ceClub: From Algorithms to Architectures – Why Branch Predictors Are Not Great for Irregular Algorithms

Oded Green (Georgia Tech)
Thursday, 9.6.2016, 11:30
EE Meyer Building 1061

Irregular algorithms, such as sorting and graph algorithms, are prevalent in computer science applications. Until recently, it was assumed that the irregular algorithms also greatly benefited from the the Out-of-Order Execution engines found in most modern day CPU processors. Out-of-Order execution, using branch predictors, speculates which branch in the execution-flow should be taken and starts that execution prematurely - allowing for improved performance. This approach typically works great for regular algorithms such as matrix multiplication or linear algebra based operations where the computation is not data-driven. However, when the speculation is wrong, there is a hardware overhead called the branch-misprediction penalty, which resets the computation back to the point of speculation. These penalties can be costly, as much as an L1 cache miss.

In my talk, I will go over several simple irregular algorithms, including the Merge Path algorithm developed at the Technion, and I will show that not only do branch predictors not help improve the performance of these algorithms, they can in fact reduce performance due to the branch-misprediction penalty and low branch-prediction accuracy. As a reference point, branch prediction accuracy for regular algorithms is typically 95%-99% whereas for the branch-prediction accuracy for the data dependent branches can be as low as 50%. This led us to develop the branch-avoiding model where we replace all data-dependent (and hard to predict) branches with a set of equivalent instructions that do not use branches. For ARM processors, we can replace the branches and their respective clauses with conditional instructions. Our branch-avoiding implementations can improve performance, reduce branch-mispredictions, and increase instruction level parallelism. Our study covers a wide range of CPU processors, including several different x86 micro-architectures as well the ARM processor.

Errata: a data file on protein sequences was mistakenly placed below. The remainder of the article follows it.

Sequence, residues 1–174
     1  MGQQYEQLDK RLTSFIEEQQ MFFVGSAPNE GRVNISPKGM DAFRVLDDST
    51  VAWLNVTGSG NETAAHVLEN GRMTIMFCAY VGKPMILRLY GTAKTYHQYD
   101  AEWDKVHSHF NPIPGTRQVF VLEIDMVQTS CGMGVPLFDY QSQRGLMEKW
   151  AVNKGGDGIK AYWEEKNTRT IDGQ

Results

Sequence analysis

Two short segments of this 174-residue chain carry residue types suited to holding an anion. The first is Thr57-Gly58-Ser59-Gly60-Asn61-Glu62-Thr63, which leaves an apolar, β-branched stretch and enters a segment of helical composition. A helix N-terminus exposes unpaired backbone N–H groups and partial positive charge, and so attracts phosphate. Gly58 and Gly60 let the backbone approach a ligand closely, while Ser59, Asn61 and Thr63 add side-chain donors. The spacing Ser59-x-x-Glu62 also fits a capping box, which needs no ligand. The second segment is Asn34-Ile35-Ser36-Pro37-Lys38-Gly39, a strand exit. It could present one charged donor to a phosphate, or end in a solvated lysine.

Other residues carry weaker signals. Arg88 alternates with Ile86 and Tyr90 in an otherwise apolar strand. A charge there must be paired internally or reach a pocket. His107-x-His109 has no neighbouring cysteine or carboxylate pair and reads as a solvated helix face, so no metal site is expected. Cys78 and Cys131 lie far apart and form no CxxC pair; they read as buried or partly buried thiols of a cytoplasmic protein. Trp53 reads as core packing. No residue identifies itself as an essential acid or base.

This talk will be self-contained.

Oded Green is a research scientist at Georgia Tech in the School of Computational Science and Engineering, where he also received is PhD. Oded received his MSc in electrical engineering and his BSc from in computer engineering, both from the Technion. Prior to his return to Georgia Tech, Oded spent some time working as the Chief Operating Officer for ArrayFire where he was responsible for managing the companies daily activities. Oded's research primarily focuses on improving the performance and scalability of large-scale data analytics using a wide range of high performance computation platforms. This also includes designing algorithms and data structure for dynamic graph problems. In his spare time Oded is also interested in improving the performance of other parallel algorithms such as those found in the OpenCV library.

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